Biophilia is the passionate love of life and all living things; it is the desire to promote growth, whether it is a person, a plant, an idea or a social group. The biophile person prefers to build something new rather than preserve the old. He wants to be more rather than to have more. He has the ability to wonder and he prefers to experience something new rather than to find the old confirmed. He prefers to live the adventure rather than security. He is more concerned with the whole than with the parts, more structures than summations. He wants to form and to exert his influence through love, reason and example.

― (1973a: Anatomy of human destructivity, in: Erich-Fromm-Gesamtausgabe (GA) Volume VII, p. 331.)

What the psychoanalyst Erich Fromm defined as biophilia in 1973 is increasingly finding its way into architecture and interior design as biophilic design. Interior designers in particular use people-centred approaches, taking into account the physical, mental and emotional human needs, with the aim of promoting health, safety and well-being.

PARKROYAL on Pickering, Singapore
Copyright: Patrick Bingham-Hall

Biophilia assumes that humans have an innate tendency to seek connections with nature. The term is translated in ancient Greek as "love of living beings". After Erich Fromm had already described the term, it was used by the American biologist Edward O. Wilson in his work "Biophilia" in 1984. He is of the opinion that the human tendency to focus on and join nature and other life forms is partly genetic. Wilson also established a conservation ethic based on man's innate relationship with nature. The result is brief: The basic principle of biophilia is to connect man with nature and thus increase his well-being.

"Biophilia is man's subconscious attachment to nature," says Nash Emrich, technical expert at Paladino & Co. The company advises architects and construction companies and supports its customers in implementing sustainability concepts. "Edward O. Wilson, who popularized the term in his book 'Biophilia', once put it this way: 'Nature holds the key to our aesthetic, mental, cognitive and even spiritual satisfaction. The closer people feel to nature, the better."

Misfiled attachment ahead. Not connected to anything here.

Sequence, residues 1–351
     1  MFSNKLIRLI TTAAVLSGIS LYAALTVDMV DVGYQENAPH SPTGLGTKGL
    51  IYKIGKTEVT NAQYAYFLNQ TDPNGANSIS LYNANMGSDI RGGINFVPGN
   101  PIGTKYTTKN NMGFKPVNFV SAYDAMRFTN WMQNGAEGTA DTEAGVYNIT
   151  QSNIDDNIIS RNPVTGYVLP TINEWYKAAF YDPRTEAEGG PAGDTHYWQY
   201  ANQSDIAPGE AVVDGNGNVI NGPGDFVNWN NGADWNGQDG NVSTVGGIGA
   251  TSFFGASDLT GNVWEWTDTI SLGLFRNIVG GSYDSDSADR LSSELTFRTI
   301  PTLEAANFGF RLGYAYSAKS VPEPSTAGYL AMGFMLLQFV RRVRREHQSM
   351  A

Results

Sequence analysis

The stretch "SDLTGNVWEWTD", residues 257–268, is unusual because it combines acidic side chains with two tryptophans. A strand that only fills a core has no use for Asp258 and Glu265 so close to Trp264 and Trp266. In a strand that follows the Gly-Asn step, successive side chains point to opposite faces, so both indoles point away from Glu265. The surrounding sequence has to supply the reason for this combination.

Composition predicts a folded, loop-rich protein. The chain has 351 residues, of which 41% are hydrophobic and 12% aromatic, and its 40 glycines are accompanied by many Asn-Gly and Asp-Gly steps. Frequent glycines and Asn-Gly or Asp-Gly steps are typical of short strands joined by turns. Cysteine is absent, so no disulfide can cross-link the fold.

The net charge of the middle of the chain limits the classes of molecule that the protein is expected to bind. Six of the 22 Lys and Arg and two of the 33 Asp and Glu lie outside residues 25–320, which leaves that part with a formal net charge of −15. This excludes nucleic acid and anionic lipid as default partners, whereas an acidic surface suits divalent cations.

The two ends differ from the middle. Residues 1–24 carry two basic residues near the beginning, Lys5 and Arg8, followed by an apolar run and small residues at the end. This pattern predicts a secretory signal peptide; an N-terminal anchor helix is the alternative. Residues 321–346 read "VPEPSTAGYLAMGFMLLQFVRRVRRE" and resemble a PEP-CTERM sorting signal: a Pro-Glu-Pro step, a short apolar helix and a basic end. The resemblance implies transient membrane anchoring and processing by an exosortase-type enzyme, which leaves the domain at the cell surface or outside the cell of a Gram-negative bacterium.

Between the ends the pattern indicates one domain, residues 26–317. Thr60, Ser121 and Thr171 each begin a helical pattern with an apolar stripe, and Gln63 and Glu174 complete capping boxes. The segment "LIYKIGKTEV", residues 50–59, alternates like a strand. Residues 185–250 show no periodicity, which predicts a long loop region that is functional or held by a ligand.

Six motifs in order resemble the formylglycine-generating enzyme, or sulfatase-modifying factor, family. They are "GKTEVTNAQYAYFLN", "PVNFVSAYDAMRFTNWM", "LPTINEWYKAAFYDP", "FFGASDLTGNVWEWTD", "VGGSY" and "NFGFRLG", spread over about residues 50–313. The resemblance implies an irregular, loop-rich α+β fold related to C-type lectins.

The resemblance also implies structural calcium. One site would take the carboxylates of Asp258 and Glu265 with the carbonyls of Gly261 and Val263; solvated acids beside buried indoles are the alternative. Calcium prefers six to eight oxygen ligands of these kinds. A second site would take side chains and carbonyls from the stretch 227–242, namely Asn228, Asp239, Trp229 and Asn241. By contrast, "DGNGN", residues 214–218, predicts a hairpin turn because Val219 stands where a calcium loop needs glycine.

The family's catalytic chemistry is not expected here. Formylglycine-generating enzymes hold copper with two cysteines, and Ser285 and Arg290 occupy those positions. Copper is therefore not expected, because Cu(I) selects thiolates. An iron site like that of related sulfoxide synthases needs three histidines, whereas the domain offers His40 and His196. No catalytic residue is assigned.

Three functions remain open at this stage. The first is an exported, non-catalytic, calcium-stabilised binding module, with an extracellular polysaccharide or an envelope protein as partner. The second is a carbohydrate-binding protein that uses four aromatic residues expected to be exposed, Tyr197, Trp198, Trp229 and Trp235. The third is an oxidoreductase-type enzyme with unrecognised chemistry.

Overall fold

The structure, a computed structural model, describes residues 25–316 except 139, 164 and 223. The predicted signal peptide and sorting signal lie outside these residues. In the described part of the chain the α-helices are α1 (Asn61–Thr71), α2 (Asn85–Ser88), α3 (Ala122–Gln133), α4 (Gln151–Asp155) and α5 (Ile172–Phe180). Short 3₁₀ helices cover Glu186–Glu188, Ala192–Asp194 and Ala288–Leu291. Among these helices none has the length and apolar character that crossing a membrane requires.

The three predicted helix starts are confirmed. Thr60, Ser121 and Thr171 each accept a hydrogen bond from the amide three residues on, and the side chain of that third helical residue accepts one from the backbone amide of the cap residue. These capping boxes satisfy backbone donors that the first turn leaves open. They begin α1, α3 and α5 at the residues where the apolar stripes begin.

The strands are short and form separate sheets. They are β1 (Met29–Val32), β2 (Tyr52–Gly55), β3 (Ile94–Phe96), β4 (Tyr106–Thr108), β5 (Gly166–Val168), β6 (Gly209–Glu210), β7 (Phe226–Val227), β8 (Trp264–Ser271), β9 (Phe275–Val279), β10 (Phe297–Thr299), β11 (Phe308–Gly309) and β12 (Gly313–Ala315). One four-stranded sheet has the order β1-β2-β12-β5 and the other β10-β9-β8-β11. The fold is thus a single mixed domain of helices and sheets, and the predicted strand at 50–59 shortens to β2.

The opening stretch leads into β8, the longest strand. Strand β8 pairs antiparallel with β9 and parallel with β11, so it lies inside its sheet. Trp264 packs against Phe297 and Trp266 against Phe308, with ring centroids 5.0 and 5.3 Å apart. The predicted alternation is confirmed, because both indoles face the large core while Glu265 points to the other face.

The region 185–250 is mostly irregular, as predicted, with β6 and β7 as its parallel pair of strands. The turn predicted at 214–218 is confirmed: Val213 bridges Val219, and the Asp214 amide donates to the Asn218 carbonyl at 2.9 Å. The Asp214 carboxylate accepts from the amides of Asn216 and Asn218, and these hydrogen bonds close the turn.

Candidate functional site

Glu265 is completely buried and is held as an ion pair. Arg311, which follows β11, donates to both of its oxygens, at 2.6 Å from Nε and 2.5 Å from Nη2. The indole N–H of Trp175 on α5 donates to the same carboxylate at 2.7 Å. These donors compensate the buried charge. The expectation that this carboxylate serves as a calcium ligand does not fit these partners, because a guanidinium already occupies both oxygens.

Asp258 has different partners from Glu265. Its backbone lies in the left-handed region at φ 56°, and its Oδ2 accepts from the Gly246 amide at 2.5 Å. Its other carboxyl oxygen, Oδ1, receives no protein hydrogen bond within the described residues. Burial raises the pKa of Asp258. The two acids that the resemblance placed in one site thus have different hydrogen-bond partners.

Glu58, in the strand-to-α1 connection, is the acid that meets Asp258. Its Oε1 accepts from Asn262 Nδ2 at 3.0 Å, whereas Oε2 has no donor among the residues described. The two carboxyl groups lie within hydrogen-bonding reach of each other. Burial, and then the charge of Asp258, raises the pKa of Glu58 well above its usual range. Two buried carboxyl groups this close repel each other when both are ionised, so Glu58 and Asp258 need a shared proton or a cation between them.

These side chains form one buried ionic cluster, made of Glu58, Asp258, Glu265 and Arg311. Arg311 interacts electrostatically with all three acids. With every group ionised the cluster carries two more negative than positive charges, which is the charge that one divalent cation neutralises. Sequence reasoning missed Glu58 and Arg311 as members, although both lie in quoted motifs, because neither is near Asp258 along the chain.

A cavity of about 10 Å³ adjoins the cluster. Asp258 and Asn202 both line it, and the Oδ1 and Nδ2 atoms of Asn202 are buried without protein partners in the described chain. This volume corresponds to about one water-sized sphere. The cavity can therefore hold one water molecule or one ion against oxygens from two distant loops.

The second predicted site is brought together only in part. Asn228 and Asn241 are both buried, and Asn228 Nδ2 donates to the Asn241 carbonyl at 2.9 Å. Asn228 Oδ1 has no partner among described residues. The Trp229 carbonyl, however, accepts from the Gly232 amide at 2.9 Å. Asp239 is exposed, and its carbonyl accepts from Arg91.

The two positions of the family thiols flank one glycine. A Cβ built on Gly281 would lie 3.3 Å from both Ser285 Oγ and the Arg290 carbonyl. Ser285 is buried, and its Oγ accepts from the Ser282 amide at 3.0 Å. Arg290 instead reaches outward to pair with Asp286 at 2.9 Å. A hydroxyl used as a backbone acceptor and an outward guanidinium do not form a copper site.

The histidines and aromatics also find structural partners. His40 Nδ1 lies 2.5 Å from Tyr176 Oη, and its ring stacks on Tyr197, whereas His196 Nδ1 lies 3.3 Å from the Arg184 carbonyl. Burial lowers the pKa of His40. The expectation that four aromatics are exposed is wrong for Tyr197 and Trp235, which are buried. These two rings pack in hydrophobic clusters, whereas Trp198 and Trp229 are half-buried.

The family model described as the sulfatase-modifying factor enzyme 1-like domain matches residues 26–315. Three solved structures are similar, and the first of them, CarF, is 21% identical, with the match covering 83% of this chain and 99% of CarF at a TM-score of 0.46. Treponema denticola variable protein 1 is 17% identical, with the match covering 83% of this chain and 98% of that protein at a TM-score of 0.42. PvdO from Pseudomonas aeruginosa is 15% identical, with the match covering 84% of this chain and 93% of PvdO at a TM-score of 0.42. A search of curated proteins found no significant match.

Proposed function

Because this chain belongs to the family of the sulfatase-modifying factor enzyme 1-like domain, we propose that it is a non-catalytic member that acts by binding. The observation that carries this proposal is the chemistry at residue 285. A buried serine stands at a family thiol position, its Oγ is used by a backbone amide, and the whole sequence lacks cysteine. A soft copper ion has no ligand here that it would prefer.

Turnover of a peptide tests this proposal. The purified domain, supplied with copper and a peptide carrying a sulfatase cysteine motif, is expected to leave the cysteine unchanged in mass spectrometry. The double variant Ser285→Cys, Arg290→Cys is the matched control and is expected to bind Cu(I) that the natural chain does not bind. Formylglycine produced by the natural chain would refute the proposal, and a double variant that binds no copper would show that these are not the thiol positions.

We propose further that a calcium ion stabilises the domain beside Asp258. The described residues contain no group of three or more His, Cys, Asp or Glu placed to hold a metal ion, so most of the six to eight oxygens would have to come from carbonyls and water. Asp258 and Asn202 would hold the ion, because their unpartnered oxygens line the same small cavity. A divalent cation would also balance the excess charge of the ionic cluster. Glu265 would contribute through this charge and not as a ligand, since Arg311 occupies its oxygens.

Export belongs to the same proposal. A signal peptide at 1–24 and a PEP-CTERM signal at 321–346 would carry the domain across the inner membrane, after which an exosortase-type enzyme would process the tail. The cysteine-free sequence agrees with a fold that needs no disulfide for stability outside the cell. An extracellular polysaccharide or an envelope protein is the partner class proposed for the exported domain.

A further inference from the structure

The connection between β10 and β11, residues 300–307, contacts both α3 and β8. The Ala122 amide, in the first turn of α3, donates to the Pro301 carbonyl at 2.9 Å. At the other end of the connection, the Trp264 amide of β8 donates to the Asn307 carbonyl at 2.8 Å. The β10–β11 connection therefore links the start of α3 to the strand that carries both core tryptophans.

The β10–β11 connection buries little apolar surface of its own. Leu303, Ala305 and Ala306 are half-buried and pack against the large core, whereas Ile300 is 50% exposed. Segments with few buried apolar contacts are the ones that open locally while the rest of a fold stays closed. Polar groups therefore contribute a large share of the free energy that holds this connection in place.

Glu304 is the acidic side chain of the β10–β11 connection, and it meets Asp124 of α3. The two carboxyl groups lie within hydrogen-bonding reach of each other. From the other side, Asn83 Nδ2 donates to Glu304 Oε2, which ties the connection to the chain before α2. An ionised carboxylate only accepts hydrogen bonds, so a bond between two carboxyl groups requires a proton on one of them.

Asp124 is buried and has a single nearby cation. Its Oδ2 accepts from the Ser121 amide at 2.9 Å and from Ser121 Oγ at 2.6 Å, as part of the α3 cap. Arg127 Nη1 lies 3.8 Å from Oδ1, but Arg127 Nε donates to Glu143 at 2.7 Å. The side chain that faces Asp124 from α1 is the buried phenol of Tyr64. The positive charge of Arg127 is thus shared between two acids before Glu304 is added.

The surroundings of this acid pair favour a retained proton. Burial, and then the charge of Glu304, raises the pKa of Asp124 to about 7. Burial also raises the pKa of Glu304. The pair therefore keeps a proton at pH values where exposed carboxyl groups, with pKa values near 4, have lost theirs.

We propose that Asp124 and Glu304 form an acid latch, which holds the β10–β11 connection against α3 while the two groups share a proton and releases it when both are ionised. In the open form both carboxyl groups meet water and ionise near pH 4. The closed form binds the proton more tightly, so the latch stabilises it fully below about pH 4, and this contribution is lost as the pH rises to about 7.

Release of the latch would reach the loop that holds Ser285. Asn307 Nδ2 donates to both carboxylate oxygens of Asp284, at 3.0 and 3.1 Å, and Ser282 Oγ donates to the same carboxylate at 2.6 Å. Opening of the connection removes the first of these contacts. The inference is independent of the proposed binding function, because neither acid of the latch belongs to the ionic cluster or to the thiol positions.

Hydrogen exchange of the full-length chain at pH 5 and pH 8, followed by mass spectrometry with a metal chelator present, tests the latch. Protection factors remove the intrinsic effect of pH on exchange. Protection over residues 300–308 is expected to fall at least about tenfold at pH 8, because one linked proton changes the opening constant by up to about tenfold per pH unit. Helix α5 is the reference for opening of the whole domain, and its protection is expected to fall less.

How can this look like in practice? When designing rooms, features from nature are incorporated, for example water, plants, natural light or authentic materials such as wood and stone. This integration of natural elements into the built environment reduces stress, promotes creativity and accelerates healing. Potential benefits include reduced heart rate variability and pulse rates, lower blood pressure and increased activity in our nervous system. Recently, a research team at Stanford University in California confirmed that walking in the green countryside improves mental well-being. It is also known that patients in hospital recover more quickly when they look at nature from their beds. Students* learn better in natural daylight and people who work in offices with houseplants are less likely to fall ill. In addition, people in a natural environment suffer less often from anxiety and think more positively. "Living in close contact with nature brings physical, mental and social benefits," explains Brendan O'Grady, Vice President at the Texas architectural firm CallisonRTKL, which has used biophilic design principles in many projects.

The biophilic design of the built environment is also important because most people today spend about 80 to 90 percent of their time indoors - at home and at work. The United Nations estimates that by 2030 almost 60 percent of the world's population will live in large cities. This will bring with it an increasing longing for closeness to nature. Thanks to biophilic concepts and botanical designs, people will be able to re-establish a visual relationship with nature within urban structures. Global corporations like Apple, Google and Amazon have recognized this and are investing in biophilic design.

But of course it's not enough to put a few green plants in the office. A biophilic concept requires background knowledge and must be approached in a well thought-out way. For a well thought-out biophilic design, the consultancy firm Terrapin Bright Green, which specialises in environmentally friendly construction projects, has defined 14 elements of biophilic architecture. These include visual and non-visual links to nature (windows with a view into the green or sounds, smells, haptic/tasteful stimuli); dynamic and diffuse lighting (changing light and shadow intensities); material links to nature (natural materials and elements) and biomorphic forms and patterns (patterns and textures known from nature). In this way, biophilic architecture proves to be a simple idea that is complex in its implementation. But it is worth it: work becomes more effective and more beautiful, well-being is increased - and the environment is also served.

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